Survey: Cost Of IM, Greynet Security Incidents More Than Doubles In A Year
FaceTime Communications recently announced the results of its annual survey, "Greynets in the Enterprise: 3rd Annual Survey of Trends, Attitudes and Impact."
In September, data was collected in a survey of more than 700 employees and IT managers to determine the impact greynet applications have on companies and organizations. Greynets -- real-time consumer applications (e.g. instant messaging, P2P, VoIP) that are often introduced by individual end users and use highly evasive techniques to traverse the network -- pose a myriad of network and information security risks because they provide vectors for malware, intellectual property loss, identity theft and compliance risks.
According to the study, greynet use has increased dramatically within the workplace. An average of nine greynets are in use within the typical organization, and 99 percent of IT managers report at least one greynet in use at their locations. In spite of deploying security infrastructure such as firewalls and IPS products, nine in 10 IT managers have experienced a greynet-related security incident in the last six months. In fact, only about 3 percent have avoided greynet-related security incidents during this period.
While some greynets such as Skype, instant messaging and Web conferencing have legitimate business uses, IT requires visibility and control to ensure their safe and productive use. With other greynets, such as P2P file sharing, video streaming and anonymizers, the risks might outweigh the benefits and organizations need the ability to accurately detect and block them. Greynets can be evasive on the network, often circumventing the traditional security infrastructure that was designed for e-mail and standard Web traffic.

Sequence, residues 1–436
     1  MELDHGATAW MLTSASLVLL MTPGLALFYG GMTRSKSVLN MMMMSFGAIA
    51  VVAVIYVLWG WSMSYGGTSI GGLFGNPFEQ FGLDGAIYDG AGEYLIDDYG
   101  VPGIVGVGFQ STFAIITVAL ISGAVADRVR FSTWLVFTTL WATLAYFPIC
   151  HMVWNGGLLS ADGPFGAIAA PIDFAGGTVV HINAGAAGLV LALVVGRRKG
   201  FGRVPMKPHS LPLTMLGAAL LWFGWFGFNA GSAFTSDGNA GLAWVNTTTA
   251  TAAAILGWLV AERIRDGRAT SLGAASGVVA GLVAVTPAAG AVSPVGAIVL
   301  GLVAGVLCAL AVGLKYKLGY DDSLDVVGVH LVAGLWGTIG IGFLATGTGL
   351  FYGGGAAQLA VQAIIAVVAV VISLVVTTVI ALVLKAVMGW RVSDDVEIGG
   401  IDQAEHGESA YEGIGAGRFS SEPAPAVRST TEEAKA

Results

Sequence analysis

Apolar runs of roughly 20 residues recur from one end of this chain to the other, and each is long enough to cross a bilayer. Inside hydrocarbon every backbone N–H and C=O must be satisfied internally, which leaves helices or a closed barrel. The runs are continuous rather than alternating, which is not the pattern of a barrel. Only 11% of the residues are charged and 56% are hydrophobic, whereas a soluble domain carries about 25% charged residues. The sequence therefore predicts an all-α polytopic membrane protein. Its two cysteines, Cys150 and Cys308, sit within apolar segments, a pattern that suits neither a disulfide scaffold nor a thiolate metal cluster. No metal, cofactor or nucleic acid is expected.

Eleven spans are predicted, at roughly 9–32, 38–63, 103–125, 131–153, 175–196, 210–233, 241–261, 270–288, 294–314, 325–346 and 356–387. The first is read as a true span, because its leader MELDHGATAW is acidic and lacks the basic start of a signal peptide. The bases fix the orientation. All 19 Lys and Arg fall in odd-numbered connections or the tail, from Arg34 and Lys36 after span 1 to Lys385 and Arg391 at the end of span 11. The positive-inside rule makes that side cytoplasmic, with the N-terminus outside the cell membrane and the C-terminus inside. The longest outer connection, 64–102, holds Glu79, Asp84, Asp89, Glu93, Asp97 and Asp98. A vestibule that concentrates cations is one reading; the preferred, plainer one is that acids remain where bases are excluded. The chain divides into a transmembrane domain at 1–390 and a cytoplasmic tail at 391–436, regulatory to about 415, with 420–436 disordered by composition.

The survey shows that the average cost companies incur in recovering from greynet-related incidents on company PCs has more than doubled over last year. IT managers reported spending an average of nearly $289,000 annually to repair or re-image company PCs after malware attacks over greynets. The cost reported in last year's study was nearly $130,000 per year. On average, IT managers experience nearly 39 incidents per month that require some kind of repair or remediation to end-user PCs and each repair requires, on average, about nine hours of work.
Employees don't always see eye-to-eye with IT management regarding risky behavior on the network. For example, 80 percent of IT managers deem anonymizers -- applications that disguise network traffic to permit anonymous use of the Internet -- risky to corporate networks. In contrast, just more than half of users (57 percent) find them risky, for a 19 percent differential in risk assessment.
The bottom line is that greynet usage makes IT nervous: 40 percent of IT managers report that public IM use at work poses "serious risk," while another 46 percent indicate that IM poses "some risk," for a total of 86 percent of managers who are wary of the public IM networks and their impact on the work environment.